Among other things, Knox and his Calhoun County colleagues felt the new state constitution — a document that would put Blacks and poor whites in their place and allow Bourbon leaders to rule without real interference — would serve as an antiseptic to the malaise.

Anniston then had two main daily newspapers, The Hot Blast and The Evening Star. (They merged in 1912 to create today’s Star.) The Hot Blast was older, aligned with the city’s founders and wildly racist. The Evening Star offered a hint of judiciousness.

On the eve of the statewide vote to authorize a constitutional convention, The Hot Blast pushed Knox’s racism as far as it could without advocating unadulterated violence.

It wrote: “It is good for the white man and better for the negro that the basis of suffrage be fixed now while it may be done peacefully and with an eye to the best interests of both races.”

And it wrote: “If you favor the rule of the white man and want to see once more honest election methods in Alabama, you will go to the polls and vote for the convention.”

And it wrote: “It took two thousand years to prepare the white race for freedom and the exercise of the ballot. The negro was given the ballot without a day of preparation. What has he done to be so favored among the races?”

And it wrote: “‘Blood is thicker than water.’ We stand by our race in this fight.”

Seven months later, on the eve of the statewide ratification vote, The Hot Blast’s headline left no doubt. “White supremacy is the paramount issue,” it read.

In Birmingham, Knox told a gathering of 1,500 that “just as long as 180,000 negroes have as much right to vote as you and I, there is standing a constant menace to all of us. The great object we have undertaken is to maintain white supremacy — not by force but by law.”

And yes, if you’re wondering, this still matters.

Until today’s lawmakers recast the state constitution, and until today’s voters approve, Alabama’s governing document is tainted by the bigotry and intolerance that crafted it. These overt remnants of white supremacy are ours, yours and mine, because we’ve allowed them to live on amid our state’s most vital written organ.

Our chance, Alabama’s chance, is near, a few additional steps to modernity.

When Knox gaveled the constitutional convention to a close in 1901, the delegates baldly sang a song, “God Be With You ’Till We Meet Again.” They also gave Knox, their presiding leader, a gold watch inscribed with a French motto: “Sans Peur, Sans Reproche.”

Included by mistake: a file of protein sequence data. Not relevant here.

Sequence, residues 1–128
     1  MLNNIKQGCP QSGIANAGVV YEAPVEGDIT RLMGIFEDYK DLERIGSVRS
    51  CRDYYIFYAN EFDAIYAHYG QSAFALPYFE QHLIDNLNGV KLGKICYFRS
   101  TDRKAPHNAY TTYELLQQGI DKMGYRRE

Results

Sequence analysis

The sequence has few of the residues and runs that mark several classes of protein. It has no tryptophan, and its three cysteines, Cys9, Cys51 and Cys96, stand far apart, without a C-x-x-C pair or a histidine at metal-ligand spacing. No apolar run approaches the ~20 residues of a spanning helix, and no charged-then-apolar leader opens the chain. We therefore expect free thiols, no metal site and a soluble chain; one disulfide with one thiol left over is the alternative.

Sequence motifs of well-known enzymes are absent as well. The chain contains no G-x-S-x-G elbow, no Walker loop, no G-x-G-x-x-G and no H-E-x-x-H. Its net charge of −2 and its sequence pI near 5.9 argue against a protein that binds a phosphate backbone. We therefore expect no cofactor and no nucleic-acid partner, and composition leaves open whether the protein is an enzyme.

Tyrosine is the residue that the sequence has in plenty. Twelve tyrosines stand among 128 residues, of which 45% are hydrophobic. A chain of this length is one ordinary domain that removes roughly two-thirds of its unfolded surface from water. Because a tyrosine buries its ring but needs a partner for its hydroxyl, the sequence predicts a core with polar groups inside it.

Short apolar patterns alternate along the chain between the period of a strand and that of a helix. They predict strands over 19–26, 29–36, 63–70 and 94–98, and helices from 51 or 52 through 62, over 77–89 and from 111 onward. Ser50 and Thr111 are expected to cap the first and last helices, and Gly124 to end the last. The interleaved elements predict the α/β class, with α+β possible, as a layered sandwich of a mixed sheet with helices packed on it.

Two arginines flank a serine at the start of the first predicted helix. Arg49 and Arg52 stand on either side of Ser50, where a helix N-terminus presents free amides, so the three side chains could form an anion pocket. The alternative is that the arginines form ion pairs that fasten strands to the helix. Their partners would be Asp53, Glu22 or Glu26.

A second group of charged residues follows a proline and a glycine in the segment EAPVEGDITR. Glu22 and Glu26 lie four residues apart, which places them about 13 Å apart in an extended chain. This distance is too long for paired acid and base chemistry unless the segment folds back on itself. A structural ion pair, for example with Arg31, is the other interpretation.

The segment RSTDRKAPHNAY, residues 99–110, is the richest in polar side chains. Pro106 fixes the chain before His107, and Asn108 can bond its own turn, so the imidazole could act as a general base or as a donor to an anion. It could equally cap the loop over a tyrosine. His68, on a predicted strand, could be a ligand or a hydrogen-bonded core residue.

“Without fear, beyond reproach,” it read.

 

 

How a scandalous voter fraud scheme dooms Alabama

By Bill Ivey

In 1901,  155 frustrated, angry elite white males met to create Alabama’s 6th constitution. They built a horrible document that consolidated power at the top and cheated everyone else–then and now.

And, worst of all, the only reason it passed was due to massive voter fraud in Alabama’s Black Belt.

These days we often hear cries about voter fraud. However, according to a Brennan Center Justice review of more than a dozen studies, voter fraud in the U.S. is exceedingly rare. So, at all levels of government, the notion is pretty much a myth in the last century or so.

The greatest, most dramatic voter fraud incident I know of is this one. Once again, Alabama is infamous for something terrible: The longest, worst state constitution in the U.S. And, well over a century later, it negatively affects us in ways we don’t realize. I hope to shed some light on the horror that remains the foundation of our state government.

Our 1901 Constitution is a racist document and we should get rid of it for that reason alone. However, it is also designed to keep power and wealth in the hands of a few individuals and organizations–and to hell with everyone else, including most of Alabama’s whites.

It’s fascinating and ironic that Alabama’s Black Belt provided such a huge “pivot point” in Alabama’s history. That region was made up of the once-rich plantation counties. Each county was made up of small minorities of powerful whites and huge majorities of former slaves.

As you will see, outside of 12 Black Belt counties, the Constitution was rejected by a small margin statewide. But it passed overwhelmingly in those predominantly black counties. As Ron Casey, my all-time favorite Birmingham News columnist, asked in 1999, “Is it more reasonable to believe that blacks voluntarily voted to disfranchise [sic] themselves, or to believe that ballot boxes were stuffed like Christmas geese?” We’ll examine those voting results shortly.